Grant said planning will soon begin for the renovation of the former Charlotte R. Riley Child Center, which was closed in April due to the center’s annual deficit. The child center will become a new Health Services Center, while the space at HTM previously occupied by the Napoleon Hill Center will become a College of Business sales training center.

“The highly anticipated new Bioscience Innovation Building is planned to break ground fall of 2018 and there will be a few additional projects that will be completed in partnership with the creation of the new building,” Grant said. “As we look ahead, there are many exciting physical changes the university can look forward to over the next few years.”

The Bioscience Innovation Building, which is scheduled for occupancy in the summer of 2020, is the future project that Kull is most excited about.

“Since the College of Nursing and the biology department will occupy the Bioscience building in 2020, we’ll start planning on what their currently occupied space will be repurposed for,” Kull said.

As for additional improvements in the near future, Kull specified three projects that are expected to be completed during the summer of 2018: two on the Hammond campus and one on the Westville campus.

“Besides the Bioscience Innovation Building, we’re starting design work to renovate Lawshe 131 and to combine Gyte 34 and Gyte 36 into one large classroom,” Kull said. “We’re also starting design to replace the Schwarz Hall fire annunciation system.”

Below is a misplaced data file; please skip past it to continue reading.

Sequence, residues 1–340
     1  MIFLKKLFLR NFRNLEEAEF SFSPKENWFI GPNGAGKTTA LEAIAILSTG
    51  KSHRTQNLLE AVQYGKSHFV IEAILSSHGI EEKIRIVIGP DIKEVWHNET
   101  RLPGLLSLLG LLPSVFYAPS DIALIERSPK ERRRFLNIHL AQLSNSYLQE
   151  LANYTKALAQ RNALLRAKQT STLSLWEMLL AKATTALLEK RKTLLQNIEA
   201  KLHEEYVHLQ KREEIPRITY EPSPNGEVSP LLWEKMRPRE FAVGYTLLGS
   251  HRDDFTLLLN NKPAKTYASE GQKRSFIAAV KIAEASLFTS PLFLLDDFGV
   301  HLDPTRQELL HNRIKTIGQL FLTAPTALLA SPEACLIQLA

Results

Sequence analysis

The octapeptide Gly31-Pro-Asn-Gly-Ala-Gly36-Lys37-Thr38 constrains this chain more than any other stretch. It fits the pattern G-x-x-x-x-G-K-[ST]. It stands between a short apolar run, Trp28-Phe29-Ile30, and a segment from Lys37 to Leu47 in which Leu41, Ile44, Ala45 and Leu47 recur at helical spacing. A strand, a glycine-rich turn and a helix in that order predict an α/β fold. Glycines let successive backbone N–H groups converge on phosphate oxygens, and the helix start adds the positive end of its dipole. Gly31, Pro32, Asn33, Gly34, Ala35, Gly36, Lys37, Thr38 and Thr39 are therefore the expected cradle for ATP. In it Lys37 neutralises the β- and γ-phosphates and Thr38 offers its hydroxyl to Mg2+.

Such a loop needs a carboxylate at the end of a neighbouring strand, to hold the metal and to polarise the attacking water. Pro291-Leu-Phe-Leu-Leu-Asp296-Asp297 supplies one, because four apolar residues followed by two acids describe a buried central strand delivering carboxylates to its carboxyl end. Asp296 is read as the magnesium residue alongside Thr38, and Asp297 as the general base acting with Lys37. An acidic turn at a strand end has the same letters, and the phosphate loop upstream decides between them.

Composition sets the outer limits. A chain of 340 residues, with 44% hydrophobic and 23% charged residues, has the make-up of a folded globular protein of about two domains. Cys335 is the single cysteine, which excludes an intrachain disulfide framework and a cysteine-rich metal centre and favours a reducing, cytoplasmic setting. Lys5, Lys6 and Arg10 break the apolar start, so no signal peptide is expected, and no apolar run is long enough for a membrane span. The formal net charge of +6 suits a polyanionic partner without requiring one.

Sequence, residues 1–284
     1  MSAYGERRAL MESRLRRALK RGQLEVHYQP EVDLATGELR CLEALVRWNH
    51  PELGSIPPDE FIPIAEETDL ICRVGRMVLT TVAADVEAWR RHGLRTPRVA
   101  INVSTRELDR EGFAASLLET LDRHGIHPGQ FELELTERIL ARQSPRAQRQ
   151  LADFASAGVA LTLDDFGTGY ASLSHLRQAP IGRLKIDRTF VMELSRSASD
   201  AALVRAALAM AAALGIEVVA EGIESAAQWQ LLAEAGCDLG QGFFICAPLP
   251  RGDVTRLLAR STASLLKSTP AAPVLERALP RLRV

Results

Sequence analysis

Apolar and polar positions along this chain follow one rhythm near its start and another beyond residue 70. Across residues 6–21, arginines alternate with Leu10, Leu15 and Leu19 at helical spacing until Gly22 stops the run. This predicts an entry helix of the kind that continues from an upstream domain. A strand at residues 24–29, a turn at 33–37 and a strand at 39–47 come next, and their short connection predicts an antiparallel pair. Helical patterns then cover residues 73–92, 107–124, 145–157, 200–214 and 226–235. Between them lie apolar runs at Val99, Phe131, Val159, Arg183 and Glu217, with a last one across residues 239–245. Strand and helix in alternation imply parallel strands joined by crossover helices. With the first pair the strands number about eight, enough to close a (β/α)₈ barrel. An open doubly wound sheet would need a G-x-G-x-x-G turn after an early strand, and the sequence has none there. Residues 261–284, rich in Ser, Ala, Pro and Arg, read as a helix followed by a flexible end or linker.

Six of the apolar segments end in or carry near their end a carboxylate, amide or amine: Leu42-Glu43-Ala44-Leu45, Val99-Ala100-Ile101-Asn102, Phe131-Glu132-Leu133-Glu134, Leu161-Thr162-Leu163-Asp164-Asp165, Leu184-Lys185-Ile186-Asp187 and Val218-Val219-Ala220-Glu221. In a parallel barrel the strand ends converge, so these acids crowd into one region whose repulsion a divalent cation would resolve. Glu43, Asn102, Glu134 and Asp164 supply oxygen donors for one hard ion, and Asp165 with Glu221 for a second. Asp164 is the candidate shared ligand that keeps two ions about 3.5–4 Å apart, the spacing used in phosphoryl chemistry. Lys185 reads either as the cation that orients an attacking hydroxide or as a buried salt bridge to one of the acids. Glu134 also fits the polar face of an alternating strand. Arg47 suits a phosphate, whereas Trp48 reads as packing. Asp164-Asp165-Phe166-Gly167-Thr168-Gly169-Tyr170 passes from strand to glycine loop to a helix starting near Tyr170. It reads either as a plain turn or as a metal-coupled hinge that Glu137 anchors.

otte R. Riley Child Center, which was closed in April due to the center’s annual deficit. The child center will become a new Health Services Center, while the space at HTM  previously occupied by the Napoleon Hill Center will become a College of Business sales training center.

“The highly anticipated new Bioscience Innovation Building is planned to break ground fall of 2018 and there will be a few additional projects that will be completed in partnership with the creation of the new building,” Grant said. “As we look ahead, there are many exciting physical changes the university can look forward to over the next few years.”

The Bioscience Innovation Building, which is scheduled for occupancy in the summer of 2020, is the future project that Kull is most excited about.

“Since the College of Nursing and the biology department will occupy the Bioscience building in 2020, we’ll start planning on what their currently occupied space will be repurposed for,” Kull said.

As for additional improvements in the near future, Kull specified three projects that are expected to be completed during the summer of 2018: two on the Hammond campus and one on the Westville campus.

“Besides the Bioscience Innovation Building, we’re starting design work to renovate Lawshe 131 and to combine Gyte 34 and Gyte 36 into one large classroom,” Kull said. “We’re also starting design to replace the Schwarz Hall fire annunciation system.”

 

provided: Campus Planning & Management